Tuesday, March 22, 2011

Why (and How) Your Students Swear: The Science of Swearing

Here are the results from an interesting (and really important) scientific study on Teen Swearing, originally reported by science blogger and psychiatrist Vaughan Bell at Mind Hacks (and covered by David Dobbs, from Wired Science.)

London Teens

East Coast American Teens:

Bell found it disheartening that London teens were forsaking the work “bollocks.” Perhaps he was feeling nostalgic or maybe he fears that classic British slang is being lost, like classic Yiddish. I find it disheartening that whenever I call someone a putz they think say, “thanks.”

It is interesting that East Coast American teen girls overwhelmingly preferred “god” as a pejorative compared with boys, who preferred “Jesus Christ.” My hunch is that “Jesus Christ,” (as in “Jesus fucking Christ,” or “Jesus H. Christ,” or “Christ on a fucking crutch,”) is seen as more vulgar and forceful than plain old “God,” or “Oh my God!” This might also explain boys’ preference for “Goddamn,” compared with girls’ preference for the less emphatic “damn.” (However, this hypothesis belies my own prejudice that boys and men are more provocative and belligerent).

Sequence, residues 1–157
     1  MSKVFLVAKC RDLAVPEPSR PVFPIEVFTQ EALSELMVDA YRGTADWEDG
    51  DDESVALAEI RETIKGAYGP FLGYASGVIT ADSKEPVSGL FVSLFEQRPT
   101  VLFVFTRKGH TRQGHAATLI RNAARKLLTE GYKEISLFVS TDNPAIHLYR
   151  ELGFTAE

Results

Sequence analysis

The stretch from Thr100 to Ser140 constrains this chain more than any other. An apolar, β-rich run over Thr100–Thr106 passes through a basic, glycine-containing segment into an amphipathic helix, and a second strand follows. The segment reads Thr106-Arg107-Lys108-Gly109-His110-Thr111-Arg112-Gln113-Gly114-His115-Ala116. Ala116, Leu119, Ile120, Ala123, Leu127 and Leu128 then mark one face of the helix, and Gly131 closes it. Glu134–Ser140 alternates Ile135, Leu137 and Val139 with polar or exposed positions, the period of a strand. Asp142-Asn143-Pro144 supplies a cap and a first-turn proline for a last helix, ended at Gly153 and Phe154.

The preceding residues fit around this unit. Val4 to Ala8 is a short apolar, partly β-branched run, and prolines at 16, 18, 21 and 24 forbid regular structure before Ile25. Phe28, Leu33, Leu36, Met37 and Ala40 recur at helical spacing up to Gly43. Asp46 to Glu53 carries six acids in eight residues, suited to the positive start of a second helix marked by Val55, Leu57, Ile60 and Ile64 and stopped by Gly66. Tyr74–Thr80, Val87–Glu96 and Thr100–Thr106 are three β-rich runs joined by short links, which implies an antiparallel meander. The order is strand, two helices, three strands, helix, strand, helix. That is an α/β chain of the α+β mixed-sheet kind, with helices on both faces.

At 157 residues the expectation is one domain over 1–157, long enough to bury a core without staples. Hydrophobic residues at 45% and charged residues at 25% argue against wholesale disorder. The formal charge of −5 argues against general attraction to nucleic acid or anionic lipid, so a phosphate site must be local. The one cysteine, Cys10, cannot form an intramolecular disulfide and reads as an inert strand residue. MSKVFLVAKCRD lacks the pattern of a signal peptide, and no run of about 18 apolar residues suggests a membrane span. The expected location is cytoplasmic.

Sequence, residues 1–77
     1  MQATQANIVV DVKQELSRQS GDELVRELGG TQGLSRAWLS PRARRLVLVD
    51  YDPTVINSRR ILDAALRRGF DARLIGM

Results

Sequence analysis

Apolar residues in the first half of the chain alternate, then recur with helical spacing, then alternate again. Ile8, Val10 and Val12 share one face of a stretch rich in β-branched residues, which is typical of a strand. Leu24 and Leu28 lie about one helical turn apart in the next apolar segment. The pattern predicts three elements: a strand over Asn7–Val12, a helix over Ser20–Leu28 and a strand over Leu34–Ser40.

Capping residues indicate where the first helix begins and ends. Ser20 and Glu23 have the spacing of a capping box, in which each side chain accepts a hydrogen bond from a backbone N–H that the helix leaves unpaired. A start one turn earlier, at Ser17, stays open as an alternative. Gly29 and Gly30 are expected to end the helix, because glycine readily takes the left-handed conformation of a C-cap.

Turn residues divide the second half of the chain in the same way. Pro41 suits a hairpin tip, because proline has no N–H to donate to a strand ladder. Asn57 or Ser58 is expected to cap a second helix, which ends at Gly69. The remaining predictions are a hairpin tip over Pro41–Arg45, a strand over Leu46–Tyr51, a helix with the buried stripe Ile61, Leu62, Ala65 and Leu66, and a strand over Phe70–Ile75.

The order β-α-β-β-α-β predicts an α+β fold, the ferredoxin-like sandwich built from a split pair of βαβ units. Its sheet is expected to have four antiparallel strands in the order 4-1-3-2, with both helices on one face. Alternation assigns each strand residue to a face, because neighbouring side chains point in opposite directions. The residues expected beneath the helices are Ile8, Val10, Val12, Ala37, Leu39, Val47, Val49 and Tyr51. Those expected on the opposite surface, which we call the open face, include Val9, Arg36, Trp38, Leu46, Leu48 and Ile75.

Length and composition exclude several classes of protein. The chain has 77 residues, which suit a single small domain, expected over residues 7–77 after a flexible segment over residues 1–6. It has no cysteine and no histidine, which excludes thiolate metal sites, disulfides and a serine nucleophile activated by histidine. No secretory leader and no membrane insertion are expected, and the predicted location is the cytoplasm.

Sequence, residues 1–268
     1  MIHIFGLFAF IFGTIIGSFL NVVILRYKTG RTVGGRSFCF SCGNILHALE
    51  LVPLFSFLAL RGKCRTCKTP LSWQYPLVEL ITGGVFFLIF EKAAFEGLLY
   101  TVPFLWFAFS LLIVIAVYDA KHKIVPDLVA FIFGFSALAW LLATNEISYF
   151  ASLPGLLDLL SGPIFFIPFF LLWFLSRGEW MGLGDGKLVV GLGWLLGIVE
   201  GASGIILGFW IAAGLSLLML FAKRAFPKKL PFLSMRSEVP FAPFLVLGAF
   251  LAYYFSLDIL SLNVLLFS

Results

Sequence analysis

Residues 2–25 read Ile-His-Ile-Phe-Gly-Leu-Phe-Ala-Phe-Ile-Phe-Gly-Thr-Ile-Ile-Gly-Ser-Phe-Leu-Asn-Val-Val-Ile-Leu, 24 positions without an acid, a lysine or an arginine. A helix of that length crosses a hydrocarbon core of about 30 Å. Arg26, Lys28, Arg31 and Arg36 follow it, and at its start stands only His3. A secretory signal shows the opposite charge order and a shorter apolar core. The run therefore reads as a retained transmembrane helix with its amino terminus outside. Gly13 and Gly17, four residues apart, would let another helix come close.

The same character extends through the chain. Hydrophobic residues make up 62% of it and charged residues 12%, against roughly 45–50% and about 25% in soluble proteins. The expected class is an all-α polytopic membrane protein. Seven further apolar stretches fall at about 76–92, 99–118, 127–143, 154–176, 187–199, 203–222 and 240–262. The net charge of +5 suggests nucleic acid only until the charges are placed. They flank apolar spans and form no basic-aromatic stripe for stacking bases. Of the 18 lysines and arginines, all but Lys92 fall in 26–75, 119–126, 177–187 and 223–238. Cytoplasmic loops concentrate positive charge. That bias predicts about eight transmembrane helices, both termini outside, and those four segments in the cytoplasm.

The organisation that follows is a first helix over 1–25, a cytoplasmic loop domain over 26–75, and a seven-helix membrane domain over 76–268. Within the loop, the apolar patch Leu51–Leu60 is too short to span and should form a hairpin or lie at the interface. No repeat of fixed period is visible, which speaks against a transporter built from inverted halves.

I also found it surprising that “gay,” or “that’s so gay,” did not rank on the list. My guess is that the study had a heterosexist bias and didn’t even consider these to be pejorative or vulgar. (It would be difficult to compare British and American teens’ use of the word “fag” for instance). And what about the huge preference for “bitch” by girls? Does this indicate that feminism is losing ground among teen girls (or that the boys are civil enough to avoid the insult?) Or have young women reclaimed the word, as many in the LGBT community have reclaimed “dyke” and “queer,” or many black youth have reclaimed the word “nigga.” This seems unlikely. Based on my own 14 years working with teenagers, I have seldom heard the word “bitch” used to express camaraderie, like “Was up, bitch?”

I’m also curious why the American teens had no profane references to sex organs on their list. Do American teens really use the words penis and vagina with each other when adults aren’t around? Seems unlikely, but they were east coast teens, who everyone knows are considerably more conservative and prudish than other teens in the U.S.

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